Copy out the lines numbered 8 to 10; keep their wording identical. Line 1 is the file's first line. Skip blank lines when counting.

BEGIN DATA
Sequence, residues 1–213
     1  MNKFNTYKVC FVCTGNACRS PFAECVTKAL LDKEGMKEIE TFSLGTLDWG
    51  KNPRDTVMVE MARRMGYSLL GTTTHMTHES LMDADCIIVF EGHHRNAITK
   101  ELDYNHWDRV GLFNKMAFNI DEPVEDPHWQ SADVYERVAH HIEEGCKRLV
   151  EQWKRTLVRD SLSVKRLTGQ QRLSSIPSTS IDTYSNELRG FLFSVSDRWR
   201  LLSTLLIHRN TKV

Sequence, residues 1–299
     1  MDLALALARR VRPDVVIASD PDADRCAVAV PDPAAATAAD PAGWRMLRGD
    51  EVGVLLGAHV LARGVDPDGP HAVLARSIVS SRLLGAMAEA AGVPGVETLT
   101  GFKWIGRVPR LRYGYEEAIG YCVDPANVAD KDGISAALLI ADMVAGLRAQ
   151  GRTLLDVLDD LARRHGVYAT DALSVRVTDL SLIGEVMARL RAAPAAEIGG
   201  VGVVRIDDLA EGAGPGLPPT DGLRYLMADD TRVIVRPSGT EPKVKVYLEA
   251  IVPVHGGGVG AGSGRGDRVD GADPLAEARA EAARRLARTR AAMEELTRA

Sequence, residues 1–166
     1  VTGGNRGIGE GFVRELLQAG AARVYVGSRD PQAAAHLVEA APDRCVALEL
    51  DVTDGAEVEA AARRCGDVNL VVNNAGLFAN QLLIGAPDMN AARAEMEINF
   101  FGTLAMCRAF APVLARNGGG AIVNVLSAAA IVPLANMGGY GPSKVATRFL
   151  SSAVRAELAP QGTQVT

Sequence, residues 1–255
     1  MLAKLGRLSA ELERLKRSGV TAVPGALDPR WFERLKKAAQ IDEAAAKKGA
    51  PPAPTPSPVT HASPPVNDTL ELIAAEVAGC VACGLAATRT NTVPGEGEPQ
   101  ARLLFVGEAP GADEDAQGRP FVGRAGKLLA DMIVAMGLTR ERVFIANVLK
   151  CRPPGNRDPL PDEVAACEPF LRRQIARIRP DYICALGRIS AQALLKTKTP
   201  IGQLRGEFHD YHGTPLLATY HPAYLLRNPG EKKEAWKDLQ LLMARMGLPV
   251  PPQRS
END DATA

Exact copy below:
     1  MDLALALARR VRPDVVIASD PDADRCAVAV PDPAAATAAD PAGWRMLRGD
    51  EVGVLLGAHV LARGVDPDGP HAVLARSIVS SRLLGAMAEA AGVPGVETLT
   101  GFKWIGRVPR LRYGYEEAIG YCVDPANVAD KDGISAALLI ADMVAGLRAQ